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The Dobos or drum torte is a Hungarian desert named for its creator and pastry chef Jozsef C. Dobos who is believed to have first made the confection for the National General Exhibition of Budapest in 1885. A classic Dobos torte is a cake made with five to eight thin layers of biscuit or sponge cake and chocolate buttercream frosting topped with a triangle shaped pieces of caramel that help prevent the pastry from drying out. Other recipes call for the cake to be coated with ground nuts such as chestnuts, walnuts, almonds or hazelnuts but the classic version is without this addition.
Dobos was striving to make a pastry that would last a long time without the sophisticated refrigeration that is common today. Following the National General Exhibition, The Dobos torte was an immediate success throughout Europe and many attempted to imitate the Dobos recipe with varying degrees of success once royalty began ordering the cake for banquets and other celebrations.
Although buttercream frosting is common today, it was one of the Dobos torte’s innovations in the late 19th century when whipped cream and pastry cream were more typical. The lack of proper cooling technology meant that the usual creams and fillings did not last long after assembling a pastry or cake. Dobos created both the fine buttercream filling used in his torte as well as the cake batter, but the recipe was kept secret until his retirement in 1906 when he reveled his techniques to the Budapest Confectioners’ and Gingerbread Makers’ Chamber of Industry.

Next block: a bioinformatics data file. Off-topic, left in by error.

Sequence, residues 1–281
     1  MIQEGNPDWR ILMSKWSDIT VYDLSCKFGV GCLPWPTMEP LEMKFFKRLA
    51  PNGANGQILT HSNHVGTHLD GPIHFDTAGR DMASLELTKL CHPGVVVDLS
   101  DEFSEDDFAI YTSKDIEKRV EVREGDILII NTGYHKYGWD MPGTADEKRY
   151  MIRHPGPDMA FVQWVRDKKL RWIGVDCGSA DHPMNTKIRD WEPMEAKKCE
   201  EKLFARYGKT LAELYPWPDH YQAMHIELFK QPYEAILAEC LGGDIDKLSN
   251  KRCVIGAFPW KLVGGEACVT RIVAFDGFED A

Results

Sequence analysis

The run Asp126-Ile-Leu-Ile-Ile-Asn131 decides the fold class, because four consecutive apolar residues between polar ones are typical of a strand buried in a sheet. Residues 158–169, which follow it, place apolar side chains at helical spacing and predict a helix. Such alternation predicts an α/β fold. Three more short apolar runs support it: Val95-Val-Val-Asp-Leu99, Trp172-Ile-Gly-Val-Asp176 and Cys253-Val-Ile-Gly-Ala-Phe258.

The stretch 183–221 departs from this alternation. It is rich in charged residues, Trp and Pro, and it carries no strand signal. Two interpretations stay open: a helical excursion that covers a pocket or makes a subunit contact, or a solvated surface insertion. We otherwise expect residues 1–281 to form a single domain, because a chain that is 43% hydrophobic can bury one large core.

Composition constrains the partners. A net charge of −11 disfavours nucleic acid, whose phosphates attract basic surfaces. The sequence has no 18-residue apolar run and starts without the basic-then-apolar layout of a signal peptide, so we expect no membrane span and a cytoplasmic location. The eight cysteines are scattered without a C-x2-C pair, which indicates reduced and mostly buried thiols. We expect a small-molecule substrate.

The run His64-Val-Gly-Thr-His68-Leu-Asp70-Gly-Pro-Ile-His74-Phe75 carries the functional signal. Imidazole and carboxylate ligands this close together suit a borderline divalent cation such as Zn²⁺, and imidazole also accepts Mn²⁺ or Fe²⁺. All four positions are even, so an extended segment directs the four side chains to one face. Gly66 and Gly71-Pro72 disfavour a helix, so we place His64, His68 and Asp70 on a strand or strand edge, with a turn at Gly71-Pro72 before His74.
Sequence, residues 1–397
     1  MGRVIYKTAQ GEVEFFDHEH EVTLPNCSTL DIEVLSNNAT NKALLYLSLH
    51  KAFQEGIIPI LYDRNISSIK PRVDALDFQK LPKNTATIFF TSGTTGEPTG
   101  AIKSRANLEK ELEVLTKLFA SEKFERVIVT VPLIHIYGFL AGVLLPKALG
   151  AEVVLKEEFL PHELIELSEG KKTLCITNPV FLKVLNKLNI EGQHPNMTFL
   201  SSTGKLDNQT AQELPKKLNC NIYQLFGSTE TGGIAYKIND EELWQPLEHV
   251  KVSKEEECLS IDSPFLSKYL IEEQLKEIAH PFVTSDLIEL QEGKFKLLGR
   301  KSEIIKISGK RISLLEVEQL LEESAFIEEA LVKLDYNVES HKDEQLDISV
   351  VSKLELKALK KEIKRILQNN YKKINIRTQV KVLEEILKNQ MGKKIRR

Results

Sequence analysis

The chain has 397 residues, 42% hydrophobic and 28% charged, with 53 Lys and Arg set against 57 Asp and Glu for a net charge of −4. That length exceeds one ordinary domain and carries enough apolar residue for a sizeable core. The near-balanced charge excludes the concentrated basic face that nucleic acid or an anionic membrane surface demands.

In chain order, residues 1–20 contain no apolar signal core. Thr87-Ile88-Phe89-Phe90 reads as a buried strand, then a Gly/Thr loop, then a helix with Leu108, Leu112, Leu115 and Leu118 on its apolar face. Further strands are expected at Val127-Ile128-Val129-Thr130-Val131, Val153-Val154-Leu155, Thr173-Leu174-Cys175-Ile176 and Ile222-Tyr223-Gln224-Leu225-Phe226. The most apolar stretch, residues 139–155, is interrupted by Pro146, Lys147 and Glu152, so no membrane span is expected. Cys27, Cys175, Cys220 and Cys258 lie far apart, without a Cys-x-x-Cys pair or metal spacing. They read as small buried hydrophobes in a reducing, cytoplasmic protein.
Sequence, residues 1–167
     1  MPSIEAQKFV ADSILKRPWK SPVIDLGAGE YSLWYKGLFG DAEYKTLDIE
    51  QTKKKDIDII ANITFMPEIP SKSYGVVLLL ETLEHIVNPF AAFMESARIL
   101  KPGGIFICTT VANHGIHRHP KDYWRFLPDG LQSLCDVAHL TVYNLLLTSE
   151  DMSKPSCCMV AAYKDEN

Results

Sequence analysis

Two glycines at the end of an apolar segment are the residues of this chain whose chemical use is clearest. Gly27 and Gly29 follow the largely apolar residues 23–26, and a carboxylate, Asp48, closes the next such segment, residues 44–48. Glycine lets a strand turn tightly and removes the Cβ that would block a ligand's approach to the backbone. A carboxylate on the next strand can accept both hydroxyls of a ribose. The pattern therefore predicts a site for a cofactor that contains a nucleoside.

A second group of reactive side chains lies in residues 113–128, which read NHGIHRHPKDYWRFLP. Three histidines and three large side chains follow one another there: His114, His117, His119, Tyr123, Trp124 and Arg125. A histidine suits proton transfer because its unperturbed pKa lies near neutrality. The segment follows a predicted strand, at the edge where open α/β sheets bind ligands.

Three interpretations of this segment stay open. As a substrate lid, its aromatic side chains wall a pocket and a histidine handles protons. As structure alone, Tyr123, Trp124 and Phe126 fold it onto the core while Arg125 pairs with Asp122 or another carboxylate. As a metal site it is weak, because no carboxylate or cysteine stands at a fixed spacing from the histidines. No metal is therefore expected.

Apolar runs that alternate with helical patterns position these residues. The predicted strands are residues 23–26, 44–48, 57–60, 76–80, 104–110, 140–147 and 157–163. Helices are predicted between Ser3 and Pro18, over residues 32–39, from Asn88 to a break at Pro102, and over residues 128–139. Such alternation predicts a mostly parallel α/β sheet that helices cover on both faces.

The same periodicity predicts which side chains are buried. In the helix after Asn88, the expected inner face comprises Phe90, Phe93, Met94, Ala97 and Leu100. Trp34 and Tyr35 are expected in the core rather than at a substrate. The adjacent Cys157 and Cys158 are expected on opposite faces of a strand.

The classic Dobos torte is a simple yet elegant cake that can be challenging to make. The cake batter is usually made with eggs, flour, vanilla extract, sugar and butter that are combined and baked in five to eight cake pans to form the torte’s thin cake layers. The buttercream frosting ingredients include semisweet and unsweetened chocolate, butter, sugar that is melted together and then blended with eggs beaten until they are stiff. Finally, the caramel is made from sugar cooked until it is an amber color then poured over the top cake layer, allowed to cool and the cut into triangle shapes and arranged atop the torte.
There are many variations of Dobos torte, and the cake is commonly available throughout the Balkans. Instead of chocolate buttercream, chefs may experiment with vanilla, citrus or rum flavored fillings or coat the cake in a chocolate ganache or chopped nuts. In addition, the torte may be made round or square and topped with a smooth caramel coating instead of the solid triangular pieces of the original recipe or decorated on the sides with extra buttercream frosting.
Tortes are one of my favorite treats. Some things I can easily pass on, but it is hard for me to pass up a good chocolate torte. This sounds absolutely wonderful with the chocolate, caramel and nut combination.
I am always up for a challenge when it comes to baking and try to come up with something new and different every Christmas. It sounds like this might be the new one I am going to have to try.
If you ever have the chance to try Dobos Torte, don't pass it up! You many have eaten one and not known for sure what it was called, but they are very, very good. They are also very rich, so it does not take much, but you will certainly satisfy your sweet tooth.
There are also several good dobosh torte recipes online if you want to make one yourself. They do take some time, and you will want to make sure you have everything you need before you get started.
Once you take your first bite of that chocolate buttercream, caramel and almonds you will be hooked.
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